Yesterday, the Vatican announced that Pope Benedict XVI has decided that the Holy Thursday collection at the Basilica of St. John Lateran, the cathedral of the Diocese of Rome, will be used to offer humanitarian aid to Syrian refugees. The situation in Syria has resulted in the exodus of Christians from the region. Many are finding refuge in surrounding Middle East countries like Turkey and Lebanon. Earlier this month the Catholic News Service interviewed Ra’ed Bahou, our regional director for Jordan and Iraq, about how what’s happening in Syria reflects a changing Middle East:
“The same pattern like in Iraq is re-emerging, as Islamic militants are now kidnapping and killing Christians in Syria,” said Issam Bishara, vice president of the Pontifical Mission and regional director for Lebanon and Syria. “Christians are concerned about the repercussions of the events taking place in the region. They fear that the experiences of Iraq and Lebanon — which took place against the backdrop of a civil war — could play out again in their own lands. These concerns haunt the Syrian Christians.”
“We lost Christians in Iraq; if we lose (them) in Syria what will happen to Christians in the Middle East?” said Ra’ed Bahou, the Pontifical Mission’s regional director for Jordan and Iraq. “Christians are leaving the region, and we have to work to reduce this loss. Time is not with us. (Syria) is the last castle of Christianity in the Middle East. If they start emigrating from Syria, it is the beginning of the end of Christianity in this area.”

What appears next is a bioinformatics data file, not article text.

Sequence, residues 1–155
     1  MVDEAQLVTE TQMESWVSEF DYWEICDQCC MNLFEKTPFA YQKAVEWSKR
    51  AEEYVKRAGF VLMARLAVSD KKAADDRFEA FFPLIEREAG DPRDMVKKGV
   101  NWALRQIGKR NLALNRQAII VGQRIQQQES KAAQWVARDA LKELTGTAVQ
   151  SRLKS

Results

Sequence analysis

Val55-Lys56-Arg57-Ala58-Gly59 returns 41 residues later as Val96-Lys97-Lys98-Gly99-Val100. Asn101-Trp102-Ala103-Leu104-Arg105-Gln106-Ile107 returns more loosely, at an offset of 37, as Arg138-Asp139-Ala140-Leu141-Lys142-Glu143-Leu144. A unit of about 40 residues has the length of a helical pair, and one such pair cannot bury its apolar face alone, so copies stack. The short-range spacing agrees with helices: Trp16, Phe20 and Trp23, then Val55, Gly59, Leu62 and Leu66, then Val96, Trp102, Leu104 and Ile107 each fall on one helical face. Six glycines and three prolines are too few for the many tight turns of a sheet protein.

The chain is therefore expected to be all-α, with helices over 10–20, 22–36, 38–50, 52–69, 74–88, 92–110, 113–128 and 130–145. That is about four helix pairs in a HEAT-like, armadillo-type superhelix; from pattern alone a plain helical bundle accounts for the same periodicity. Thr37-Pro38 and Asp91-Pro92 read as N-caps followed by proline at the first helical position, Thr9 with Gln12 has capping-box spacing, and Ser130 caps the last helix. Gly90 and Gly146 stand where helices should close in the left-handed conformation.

In a March 7 telephone interview with Catholic News Service, Bahou said there are no official statistics, but an estimated 200 Christians were among the recent wave of Syrian refugees entering Jordan. He said many of those same refugees earlier had fled Iraq for Syria.
“They are refugees from one country to another. It is everywhere now, not just in Jordan. Also in Lebanon and Turkey. This population movement is also creating a changing Middle East,” Bahou said.